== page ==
Graves is far from the bloodthirstiest of our lot, but he was a young man stuck babysitting, and it would have pained him to know that, as he wrote, A and B companies of the second battalion were having “a brush-up with some German Uhlans” (cavalry) near Bailleul.[4]


And last, a regular officer adjusts to the new tenor of things on the western front. The 9th Lancers, soon to be involved in the First Battle of Ypres, were held back today while the infantry of the 4th Corps attacked across wet, foggy, industrialized territory. Francis Grenfell noted in his diary that “the war was affecting the spirits of all a little: there was much more seriousness than when I left.”[5]

Damnable, this seriousness.


References and Footnotes

  1. See Women in the War Zone, 48.
  2. Chronicle of Youth, 118.
  3. Quoted in Graves, R.P., Robert Graves: The Assault Heroic, 116-7.
  4. Richards, Old Soldiers Never Die, 32, with Dunn, The War the Infantry Knew, 70.
  5. Buchan, Francis and Riversdale Grenfell, 210.

John Lucy Dodges Shrapnel and Fate; Sarah MacNaughtan Falls in with Lady Feilding, Whom All The Cowardly and Inefficient Have Learned To Fear, and the Virtuous to Love; Rupert Brooke Reports a Missing Gift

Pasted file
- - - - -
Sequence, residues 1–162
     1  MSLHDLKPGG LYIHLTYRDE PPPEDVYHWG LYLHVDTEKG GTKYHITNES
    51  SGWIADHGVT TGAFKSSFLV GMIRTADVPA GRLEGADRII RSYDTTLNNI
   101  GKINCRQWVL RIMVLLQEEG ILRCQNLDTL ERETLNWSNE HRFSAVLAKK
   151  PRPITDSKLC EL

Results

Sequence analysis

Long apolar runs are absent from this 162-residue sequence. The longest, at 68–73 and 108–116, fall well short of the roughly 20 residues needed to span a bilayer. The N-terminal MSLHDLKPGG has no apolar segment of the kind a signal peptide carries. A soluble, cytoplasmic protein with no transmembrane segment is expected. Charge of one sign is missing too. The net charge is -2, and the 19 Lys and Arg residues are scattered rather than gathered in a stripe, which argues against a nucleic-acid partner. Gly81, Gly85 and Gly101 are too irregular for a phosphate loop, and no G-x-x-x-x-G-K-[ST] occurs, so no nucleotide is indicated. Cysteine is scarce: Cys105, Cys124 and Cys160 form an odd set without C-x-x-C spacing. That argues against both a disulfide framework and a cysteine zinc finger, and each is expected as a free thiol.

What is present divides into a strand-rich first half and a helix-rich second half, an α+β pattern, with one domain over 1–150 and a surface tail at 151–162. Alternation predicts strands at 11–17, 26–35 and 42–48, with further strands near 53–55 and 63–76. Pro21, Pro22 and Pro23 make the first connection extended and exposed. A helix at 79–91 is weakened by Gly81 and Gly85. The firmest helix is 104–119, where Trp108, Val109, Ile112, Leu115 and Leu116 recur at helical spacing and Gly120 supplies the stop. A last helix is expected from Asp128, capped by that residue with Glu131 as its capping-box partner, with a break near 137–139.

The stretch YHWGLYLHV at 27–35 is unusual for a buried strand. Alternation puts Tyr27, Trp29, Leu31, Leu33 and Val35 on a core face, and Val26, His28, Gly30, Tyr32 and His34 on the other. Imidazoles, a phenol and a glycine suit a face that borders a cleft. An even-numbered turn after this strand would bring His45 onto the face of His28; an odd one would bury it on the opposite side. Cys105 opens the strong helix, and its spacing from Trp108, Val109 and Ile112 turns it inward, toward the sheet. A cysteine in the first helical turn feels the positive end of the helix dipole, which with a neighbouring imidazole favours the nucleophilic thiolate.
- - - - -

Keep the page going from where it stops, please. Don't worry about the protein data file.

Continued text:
We pick up John Lucy‘s account from yesterday, when the Royal Irish Rifles were in support. Today they attacked, in one of those grand old unsupported open-field advances that would soon become impracticable.

We played a good game with those German gunners. As each salvo of shrapnel burst we dashed ahead under the smoke plumes, and moved so rapidly that we gave them no chance to range us accurately. We avoided halting at hedges and lines of trees.

This manoeuvre was repeated again and again, and the ruse succeeded, so that at last we got so close to the hostile battery that we cold hear them pulling out their guns one by one and galloping off. Their covering riflemen cleared out. German signallers or observers dropped out of trees and surrendered as we went through. This steady making of ground was good fun…